Dec 21, 2010

IP Spoofing

An IP (Internet Protocol) address is the address that reveals the identity of your Internet service provider and your personal Internet connection. The address can be viewed during Internet browsing and in all of your correspondences that you send.
IP spoofing hides your IP address by creating IP packets that contain bogus IP addresses in an effort to impersonate other connections and hide your identity when you send information. IP spoofing is a common method that is used by spammers and scammers to mislead others on the origin of the information they send.
How IP Spoofing Works
The Internet Protocol or IP is used for sending and receiving data over the Internet and computers that are connected to a network. Each packet of information that is sent is identified by the IP address which reveals the source of the information.
When IP spoofing is used the information that is revealed on the source of the data is not the real source of the information. Instead the source contains a bogus IP address that makes the information packet look like it was sent by the person with that IP address. If you try to respond to the information, it will be sent to a bogus IP address unless the hacker decides to redirect the information to a real IP address.
Why IP Spoofing is Used
IP spoofing is used to commit criminal activity online and to breach network security. Hackers use IP spoofing so they do not get caught spamming and to perpetrate denial of service attacks. These are attacks that involve massive amounts of information being sent to computers over a network in an effort to crash the entire network. The hacker does not get caught because the origin of the messages cannot be determined due to the bogus IP address.
IP spoofing is also used by hackers to breach network security measures by using a bogus IP address that mirrors one of the addresses on the network. This eliminates the need for the hacker to provide a user name and password to log onto the network.
IP Spoofing Protection
It is possible to protect a network against IP spoofing by using Ingress filtering which uses packets to filter the inbound traffic. The system has the capability to determine if the packets are coming from within the system or from an outside source.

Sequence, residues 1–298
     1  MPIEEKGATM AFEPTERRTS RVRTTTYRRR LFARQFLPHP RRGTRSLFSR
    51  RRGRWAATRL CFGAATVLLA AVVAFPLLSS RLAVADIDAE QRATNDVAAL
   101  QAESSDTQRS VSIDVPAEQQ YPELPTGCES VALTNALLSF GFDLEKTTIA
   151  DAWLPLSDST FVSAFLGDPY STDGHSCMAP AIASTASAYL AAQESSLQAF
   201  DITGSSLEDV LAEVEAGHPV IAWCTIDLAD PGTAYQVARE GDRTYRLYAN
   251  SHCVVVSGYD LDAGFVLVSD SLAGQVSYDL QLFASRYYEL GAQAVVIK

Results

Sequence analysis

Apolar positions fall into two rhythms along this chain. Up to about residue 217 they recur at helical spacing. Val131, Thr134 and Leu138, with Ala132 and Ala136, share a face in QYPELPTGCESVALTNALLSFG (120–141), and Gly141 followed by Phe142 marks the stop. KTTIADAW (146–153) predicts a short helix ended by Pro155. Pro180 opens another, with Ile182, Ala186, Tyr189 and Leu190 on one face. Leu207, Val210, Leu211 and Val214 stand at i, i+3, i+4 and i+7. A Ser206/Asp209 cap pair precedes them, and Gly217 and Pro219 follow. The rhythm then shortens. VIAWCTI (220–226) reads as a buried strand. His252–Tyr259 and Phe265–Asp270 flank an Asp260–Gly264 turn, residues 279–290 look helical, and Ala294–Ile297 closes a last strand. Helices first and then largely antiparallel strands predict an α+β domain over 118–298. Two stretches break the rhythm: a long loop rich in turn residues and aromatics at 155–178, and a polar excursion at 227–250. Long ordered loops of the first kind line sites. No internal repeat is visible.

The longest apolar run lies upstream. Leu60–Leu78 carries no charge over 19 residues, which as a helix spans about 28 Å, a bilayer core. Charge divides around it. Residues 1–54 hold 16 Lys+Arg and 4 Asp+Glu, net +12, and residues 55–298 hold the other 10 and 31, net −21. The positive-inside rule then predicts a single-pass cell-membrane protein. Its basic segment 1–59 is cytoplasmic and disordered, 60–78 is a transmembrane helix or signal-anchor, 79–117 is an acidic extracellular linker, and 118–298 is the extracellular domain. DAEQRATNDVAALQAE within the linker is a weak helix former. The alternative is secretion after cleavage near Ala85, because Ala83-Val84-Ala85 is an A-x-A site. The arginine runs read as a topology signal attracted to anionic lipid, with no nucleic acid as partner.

Transmission Control Protocols can also be deployed through a number sequence that is used to create a secure connection to other systems. This method can be enhanced by disconnecting the source routing on the network to prevent hackers from exploiting some of the spoofing capabilities.
How to do IP address spoofing
IP address spoofing is the creation of IP packets using somebody else’s IP source addresses.
This technique is used for obvious reasons and is employed in several of the attacks discussed later. Examining the IP header, we can see that the first 12 bytes contain various information about the packet. The next 8 bytes, however, contains the source and destination IP addresses. Using one of several tools, an attacker can easily modify these addresses – specifically the “source address” field.
A common misconception is that “IP spoofing” can be used to hide our IP address while surfing the Internet, chatting on-line, sending e-mail, and so forth. This is generally not true. Forging the source IP address causes the responses to be misdirected, meaning you cannot create a normal network connection.
Figure 1: Valid source IP address, illustrates a typical interaction between a workstation with a valid source IP address requesting web pages and the web server executing the requests. When the workstation requests a page from the web server the request contains both the workstation’s IP address (i.e. source IP address and the address of the web server executing the request (i.e. destination IP address The web server returns the web page using the source IP address specified in the request as the destination IP address, and its own IP address as the source IP address,
Figure 1: Valid source IP address
Figure 2: Spoofed source IP address, illustrates the interaction between a workstation requesting web pages using a spoofed source IP address and the web server executing the requests. If a spoofed source IP address (i.e. is used by the workstation, the web server executing the web page request will attempt to execute the request by sending information to the IP address of what it believes to be the originating system (i.e. the workstation at The system at the spoofed IP address will receive unsolicited connection attempts from the web server that it will simply discard.